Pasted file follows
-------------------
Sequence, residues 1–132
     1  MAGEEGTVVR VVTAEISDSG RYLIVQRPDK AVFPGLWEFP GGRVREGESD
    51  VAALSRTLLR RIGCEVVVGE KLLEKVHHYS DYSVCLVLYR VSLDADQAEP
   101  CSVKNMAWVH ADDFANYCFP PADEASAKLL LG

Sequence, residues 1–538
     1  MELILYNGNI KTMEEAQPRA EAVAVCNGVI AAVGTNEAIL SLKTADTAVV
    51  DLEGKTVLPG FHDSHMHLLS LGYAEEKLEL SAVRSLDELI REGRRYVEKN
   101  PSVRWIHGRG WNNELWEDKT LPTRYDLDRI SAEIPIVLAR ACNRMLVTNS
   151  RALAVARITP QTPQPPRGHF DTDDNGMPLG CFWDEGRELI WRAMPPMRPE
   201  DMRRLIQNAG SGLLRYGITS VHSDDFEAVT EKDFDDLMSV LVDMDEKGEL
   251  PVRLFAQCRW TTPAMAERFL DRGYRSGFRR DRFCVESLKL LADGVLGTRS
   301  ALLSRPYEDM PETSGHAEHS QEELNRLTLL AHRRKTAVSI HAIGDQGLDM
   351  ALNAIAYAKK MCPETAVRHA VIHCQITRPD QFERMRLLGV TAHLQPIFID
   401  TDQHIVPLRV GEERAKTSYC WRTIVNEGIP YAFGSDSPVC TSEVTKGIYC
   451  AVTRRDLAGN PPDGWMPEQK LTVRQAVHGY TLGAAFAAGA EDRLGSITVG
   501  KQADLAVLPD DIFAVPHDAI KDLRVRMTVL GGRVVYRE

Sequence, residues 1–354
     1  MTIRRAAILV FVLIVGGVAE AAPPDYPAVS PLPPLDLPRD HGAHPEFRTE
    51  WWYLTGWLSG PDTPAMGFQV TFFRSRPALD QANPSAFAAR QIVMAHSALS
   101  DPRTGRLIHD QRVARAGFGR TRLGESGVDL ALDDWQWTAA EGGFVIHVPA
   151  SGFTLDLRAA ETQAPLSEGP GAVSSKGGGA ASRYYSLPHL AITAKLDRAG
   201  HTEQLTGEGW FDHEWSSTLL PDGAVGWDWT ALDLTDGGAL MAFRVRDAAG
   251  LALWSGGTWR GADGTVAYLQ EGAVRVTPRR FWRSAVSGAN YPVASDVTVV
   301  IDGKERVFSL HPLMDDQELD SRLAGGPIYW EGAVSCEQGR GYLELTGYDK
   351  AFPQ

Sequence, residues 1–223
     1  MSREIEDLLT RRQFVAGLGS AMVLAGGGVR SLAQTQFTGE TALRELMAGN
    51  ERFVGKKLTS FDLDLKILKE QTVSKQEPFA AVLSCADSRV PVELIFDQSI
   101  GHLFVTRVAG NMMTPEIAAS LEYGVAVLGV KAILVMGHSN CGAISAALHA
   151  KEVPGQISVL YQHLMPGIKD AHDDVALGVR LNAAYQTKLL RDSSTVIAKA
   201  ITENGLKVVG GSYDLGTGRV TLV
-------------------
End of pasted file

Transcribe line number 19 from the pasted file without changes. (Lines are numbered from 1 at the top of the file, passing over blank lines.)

    51  WWYLTGWLSG PDTPAMGFQV TFFRSRPALD QANPSAFAAR QIVMAHSALS